Performed by Carly Simon. Written by Marvin Hamlisch and Carole Bayer Sager. (1977)

Another one that prompted an eyeroll from Mrs. Dog Star Omnibus and her friend when I told them this was a better Bond Song than "A View to a Kill." 

But, I'm sorry, it just is. Same level of lyrical absurdity as "The Man with the Golden Gun" but with all the swoon-y charm of  "You Only Live Twice." Grade: A+

Performed by Shirley Bassey. Written by John Barry and Hal David. (1979)

Where are you? Why do you hide?
Where is that moonlight trail that leads to your side?

What bizarre questions to ask of a story like Moonraker. Or anyone in it.

Nevertheless, this is another one whose epic, cosmic awesomeness seems to be lost on some people. I don't know anyone who outright hates it, but it doesn't always make people's top 10 Bond Songs. I think people think well, we can't have three Shirley Bassey tunes. But: you can. You must, even - the songs demand it! Grade: A+

Performed by Shirley Bassey. Written by John Barry, Leslie Bricusse, and Anthony Newley. (1964)
And three in the top five, to boot.

What more can possibly be said about Shirley Bassey's "Goldfinger?" As Vanity Fair put it: "If the 'James Bond Theme' set a template, 'Goldfinger' brought it home—the distillation, in sound, of all that a Bond movie stood for." Hear, hear. 

Short and sweet, but as with our next and last Bond Song, everything that could possibly be said about it is immediately self-explanatory once you hit play. Grade: A++

"Live and Let Die" 
Performed by Paul McCartney and Wings. Written by Paul and Linda McCartney. (1973)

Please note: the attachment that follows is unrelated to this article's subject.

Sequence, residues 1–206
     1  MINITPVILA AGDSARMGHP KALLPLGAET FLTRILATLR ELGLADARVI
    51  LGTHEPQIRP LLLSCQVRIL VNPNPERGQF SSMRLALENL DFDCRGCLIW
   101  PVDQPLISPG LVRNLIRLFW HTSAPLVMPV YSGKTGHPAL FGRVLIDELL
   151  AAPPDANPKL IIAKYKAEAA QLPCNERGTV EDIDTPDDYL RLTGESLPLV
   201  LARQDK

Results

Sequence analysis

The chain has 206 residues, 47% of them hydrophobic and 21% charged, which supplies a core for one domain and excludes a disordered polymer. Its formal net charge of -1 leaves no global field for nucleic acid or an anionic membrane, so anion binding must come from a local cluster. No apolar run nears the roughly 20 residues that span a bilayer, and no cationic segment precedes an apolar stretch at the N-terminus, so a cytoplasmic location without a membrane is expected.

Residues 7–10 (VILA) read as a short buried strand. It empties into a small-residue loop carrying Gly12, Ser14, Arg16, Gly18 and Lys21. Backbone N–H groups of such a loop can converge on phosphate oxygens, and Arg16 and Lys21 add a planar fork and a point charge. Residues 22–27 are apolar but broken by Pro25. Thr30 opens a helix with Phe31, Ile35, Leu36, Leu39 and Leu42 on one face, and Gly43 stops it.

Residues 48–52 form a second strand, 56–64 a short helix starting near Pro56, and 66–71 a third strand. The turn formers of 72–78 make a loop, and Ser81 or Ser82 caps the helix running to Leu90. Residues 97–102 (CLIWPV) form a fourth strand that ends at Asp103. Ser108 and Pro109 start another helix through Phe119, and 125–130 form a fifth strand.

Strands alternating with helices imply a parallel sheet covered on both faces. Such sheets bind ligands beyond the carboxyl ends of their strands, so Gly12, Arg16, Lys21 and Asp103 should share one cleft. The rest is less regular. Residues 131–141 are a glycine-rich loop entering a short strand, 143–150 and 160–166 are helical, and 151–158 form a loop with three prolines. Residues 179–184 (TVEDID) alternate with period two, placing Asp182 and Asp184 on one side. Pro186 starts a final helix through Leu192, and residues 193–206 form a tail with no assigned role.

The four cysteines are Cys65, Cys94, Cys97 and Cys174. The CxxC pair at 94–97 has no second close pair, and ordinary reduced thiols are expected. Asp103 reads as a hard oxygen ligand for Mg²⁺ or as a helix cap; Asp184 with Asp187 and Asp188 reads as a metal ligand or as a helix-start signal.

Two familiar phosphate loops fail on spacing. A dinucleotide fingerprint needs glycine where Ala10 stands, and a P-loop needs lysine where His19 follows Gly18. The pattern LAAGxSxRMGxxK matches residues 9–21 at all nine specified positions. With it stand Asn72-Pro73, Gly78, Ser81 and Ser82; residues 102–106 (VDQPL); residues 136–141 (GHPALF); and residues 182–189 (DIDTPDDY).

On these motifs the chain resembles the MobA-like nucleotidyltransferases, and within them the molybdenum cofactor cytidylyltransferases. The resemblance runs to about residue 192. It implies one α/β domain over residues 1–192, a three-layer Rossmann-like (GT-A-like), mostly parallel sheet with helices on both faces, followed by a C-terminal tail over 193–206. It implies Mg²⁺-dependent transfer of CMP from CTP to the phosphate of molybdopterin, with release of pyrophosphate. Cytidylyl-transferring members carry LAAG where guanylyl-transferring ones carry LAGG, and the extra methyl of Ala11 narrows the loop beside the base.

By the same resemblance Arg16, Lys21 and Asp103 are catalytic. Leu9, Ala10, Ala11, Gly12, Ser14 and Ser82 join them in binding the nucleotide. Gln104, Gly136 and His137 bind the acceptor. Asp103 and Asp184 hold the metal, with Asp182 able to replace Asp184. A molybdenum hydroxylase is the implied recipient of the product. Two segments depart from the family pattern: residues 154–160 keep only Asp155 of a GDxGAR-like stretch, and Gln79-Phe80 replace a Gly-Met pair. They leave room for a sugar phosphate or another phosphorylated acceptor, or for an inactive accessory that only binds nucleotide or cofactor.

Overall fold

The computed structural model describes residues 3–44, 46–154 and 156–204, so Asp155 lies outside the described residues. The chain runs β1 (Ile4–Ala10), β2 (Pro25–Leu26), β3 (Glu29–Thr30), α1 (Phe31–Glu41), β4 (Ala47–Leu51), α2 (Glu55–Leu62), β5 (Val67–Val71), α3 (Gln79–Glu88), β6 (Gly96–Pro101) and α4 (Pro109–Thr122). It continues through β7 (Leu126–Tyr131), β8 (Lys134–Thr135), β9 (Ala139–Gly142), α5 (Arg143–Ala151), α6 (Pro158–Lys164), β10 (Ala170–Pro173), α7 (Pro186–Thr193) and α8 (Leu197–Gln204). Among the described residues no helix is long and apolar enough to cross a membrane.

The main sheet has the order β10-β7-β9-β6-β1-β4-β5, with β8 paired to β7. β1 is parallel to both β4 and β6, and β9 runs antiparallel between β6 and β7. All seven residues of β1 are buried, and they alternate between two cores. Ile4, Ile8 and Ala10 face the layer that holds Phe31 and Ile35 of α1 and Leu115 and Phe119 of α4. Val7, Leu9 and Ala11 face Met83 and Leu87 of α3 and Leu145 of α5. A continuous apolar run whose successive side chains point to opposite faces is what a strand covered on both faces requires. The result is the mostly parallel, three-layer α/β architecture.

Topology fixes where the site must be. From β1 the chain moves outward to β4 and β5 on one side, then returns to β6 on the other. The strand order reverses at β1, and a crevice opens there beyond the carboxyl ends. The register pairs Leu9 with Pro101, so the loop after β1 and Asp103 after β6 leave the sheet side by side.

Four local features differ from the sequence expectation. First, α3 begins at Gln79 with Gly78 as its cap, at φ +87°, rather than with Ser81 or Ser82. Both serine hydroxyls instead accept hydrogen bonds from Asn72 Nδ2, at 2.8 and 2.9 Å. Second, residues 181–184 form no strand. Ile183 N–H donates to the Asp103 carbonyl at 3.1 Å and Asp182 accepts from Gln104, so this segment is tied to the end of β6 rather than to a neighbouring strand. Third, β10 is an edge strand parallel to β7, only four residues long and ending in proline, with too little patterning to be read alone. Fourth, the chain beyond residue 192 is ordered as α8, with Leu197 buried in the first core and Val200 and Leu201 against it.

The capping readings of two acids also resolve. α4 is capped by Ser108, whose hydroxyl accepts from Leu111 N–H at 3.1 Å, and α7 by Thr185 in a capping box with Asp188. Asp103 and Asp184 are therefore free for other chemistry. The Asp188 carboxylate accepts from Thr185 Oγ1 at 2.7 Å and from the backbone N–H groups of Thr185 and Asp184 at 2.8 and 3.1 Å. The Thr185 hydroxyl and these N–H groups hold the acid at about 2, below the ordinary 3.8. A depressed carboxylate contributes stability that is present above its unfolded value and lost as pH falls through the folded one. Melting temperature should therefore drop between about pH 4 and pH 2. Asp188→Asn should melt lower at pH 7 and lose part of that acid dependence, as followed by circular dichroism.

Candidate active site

One of my favorite songs since I was a kid. Just dynamite. Either this or "Goldfinger" takes the top spot on most Best Bond Song lists I've seen, and deservedly so. 

Here's a list of fun songfacts and tidbits. And as mentioned here:

"The track starts with a hushed introduction featuring piano and McCartney’s doubled-up vocals, but an entirely different dynamic comes into play after the first verse. At this point, a bombastic run of strings and orchestral instruments brings 007-approved action movie drama to the proceedings, before making another surprising move, into a pseudo-reggae bridge. It was, to say the very least, an interesting mash-up of musical styles, and one that only a talented and studied artist like McCartney could pull off with such flying colors."

Very true. I'm a fan of George Martin's whole score for Live and Let Die, but this, the greatest Bond song of all, anchors everything perfectly. Grade: A++


All links active as of September 1st, 2015. Hopefully on whatever date you click them, as well.


  1. Fun song survey. Really love that Jack Black tune... Way more than Moonraker or Duran Duran, but agree to disagree.

    1. I've heard that from a few people, actually - it hits people differently than it hits me, I guess. Such is the nature of horse races. Glad you enjoyed yourself just the same.

  2. Replies
    1. I'd kind of love to hear what a Tenacious D song for a Bond movie would sound like. I don't think I'd end up liking it, but I'm sure it would be worth hearing once.

  3. I'm glad you mentioned "Surrender" -- it's one of the best Bond songs of the past few decades, and they didn't even use it up top! Shameful.

    Glad to see I'm not the only person who thinks of Stephen King every time I rank something #19.

    I'd never heard that live version of "The Living Daylights" -- solid! I like how they made it just a wee bit more uptempo. It feels like I should listen to more of their stuff one of these days.

    Ditto for "The World Is Not Enough" (excepting tempo). I'm not sure I realized how sexy a song that is until hearing that version.

    One thing a list like this makes abundantly clear is that the Bond-song catalog is an embarrassment of riches. Almost every fan is going to have a few titles on the list they can't deal with (mine correspond relatively closely to yours), but once you get past those three or four tunes, it's -- bare minimum -- a baker's dozens of classics and another handful that are nearly as good. It's a heck of a legacy, and one of the most notable aspects of the film series.